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Mortgage Rates Near Record Lows

""Freddie Mac"":http://www.freddiemac.com released the results of its Primary Mortgage Market Survey (PMMS) today, in which the 30-year fixed-rate mortgage (FRM) averaged 4.98 percent (0.7 points) for the week ending March 19, 2009. That figure is down from last week when it averaged 5.03 percent. Last year at this time, the 30-year FRM averaged 5.87 percent. According to Freddie, the 30-year FRM has not been lower since January 15, 2009, when it hit an all-time low of 4.96 percent in Freddie Mac’s weekly survey.
Freddie reported that the 15-year FRM this week averaged 4.61 percent (0.7 points), down from last week's average of 4.64 percent. A year ago at this time, the 15-year FRM averaged 5.27 percent. According to Freddie Mac, the 15-year FRM has not been lower since the week ending June 13, 2003, when it was 4.60 percent.
""Bankrate"":http://www.bankrate.com, who also issues a weekly mortgage survey based on data provided by the top 10 banks and thrifts in the top 10 markets, reported similar drops in rates. According to Bankrate's study, 30-year FRMs among the nation's largest lenders averaged 5.29 percent this week. Although higher than the figure Freddie reported, it still represents a decline, down from 5.37 percent the week before. The 15-year FRM also inched lower, down to 4.86 percent from 4.88 percent last week, and the average jumbo 30-year fixed rate slid to 6.88 percent, Bankrate reported.
Mortgage rates have been flirting with record lows for several weeks now, and that was before the ""Federal Open Market Committee"":http://dsnews.comindex.php/home/news_story/2718 announced a substantial increase in the amount of debt purchases to take place this year - a move that is expected to lower rates even further.
In a statement released Wednesday afternoon, the Federal Reserve said it will purchase an additional $750 billion of mortgage-backed securities (MBS), as much as $100 billion more in debt issued by Fannie Mae and Freddie Mac, and up to $300 billion in long-term government debt. According to Bankrate, mortgage rates at once declined more than one-quarter percentage point in response. Even more significant than the immediate effect on mortgage rates is the intent of the Fed to keep mortgage rates low through the remainder of 2009, a critical factor in getting home buyers into the market to absorb the inventory of unsold and foreclosed homes.
Already, mortgage rates have dropped substantially since the peak of financial tensions five months ago. According to Bankrate's market date from leading lenders, the average 30-year FRM in mid-October was 6.74 percent, meaning a $200,000 loan would have carried a monthly payment of $1,295.87. Bankrate explained that with an average rate now of 5.29 percent, the monthly payment for the same size loan would be $1,109.37, a savings of $186 per month for a homeowner refinancing now.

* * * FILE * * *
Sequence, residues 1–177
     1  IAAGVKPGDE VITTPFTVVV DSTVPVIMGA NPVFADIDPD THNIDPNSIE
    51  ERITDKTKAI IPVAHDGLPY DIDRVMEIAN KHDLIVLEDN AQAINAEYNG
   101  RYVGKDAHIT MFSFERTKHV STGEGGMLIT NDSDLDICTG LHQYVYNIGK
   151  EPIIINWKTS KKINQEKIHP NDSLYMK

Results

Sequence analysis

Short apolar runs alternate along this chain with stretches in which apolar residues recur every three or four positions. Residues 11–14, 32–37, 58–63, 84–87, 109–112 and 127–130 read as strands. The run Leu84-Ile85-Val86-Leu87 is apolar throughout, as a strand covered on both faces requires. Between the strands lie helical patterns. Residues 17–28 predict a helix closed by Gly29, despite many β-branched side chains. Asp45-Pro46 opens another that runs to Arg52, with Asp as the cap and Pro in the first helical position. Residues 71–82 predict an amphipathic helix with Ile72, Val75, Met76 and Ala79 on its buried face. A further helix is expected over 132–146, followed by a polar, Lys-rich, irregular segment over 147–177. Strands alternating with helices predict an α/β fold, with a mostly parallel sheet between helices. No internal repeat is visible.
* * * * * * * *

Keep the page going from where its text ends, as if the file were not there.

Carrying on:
According to Frank Nothaft, Freddie Mac's VP and chief economist, long-term mortgage rates this week followed bond yields lower for the second week in a row, and he too expects those figures to drop even further after the Fed's Wednesday announcement.
Nothaft explained, ""Following the March 18th Federal Reserve monetary policy statement, which announced further spending initiatives on financial assets, long-term bond yields plummeted. Yields on 10-year Treasury bonds fell by about a half percentage point after the announcement, marking the largest one-day decline since October 20, 1987.""
Freddie Mac also reported on this week's rates for hybrid adjustable-rate mortgages (ARMs). Five-year Treasury-indexed ARMs averaged 4.98 percent this week (0.7 points). A year ago, the 5-year ARM was 5.56 percent. One-year Treasury-indexed ARMs averaged 4.91 percent this week (0.7 points). According to Freddie, last year at this time, the 1-year ARM was 5.15 percent.

About Author: Carrie Bay

Carrie Bay is a freelance writer for DS News and its sister publication MReport. She served as online editor for DSNews.com from 2008 through 2011. Prior to joining DS News and the Five Star organization, she managed public relations, marketing, and media relations initiatives for several B2B companies in the financial services, technology, and telecommunications industries. She also wrote for retail and nonprofit organizations upon graduating from Texas A&M University with degrees in journalism and English.

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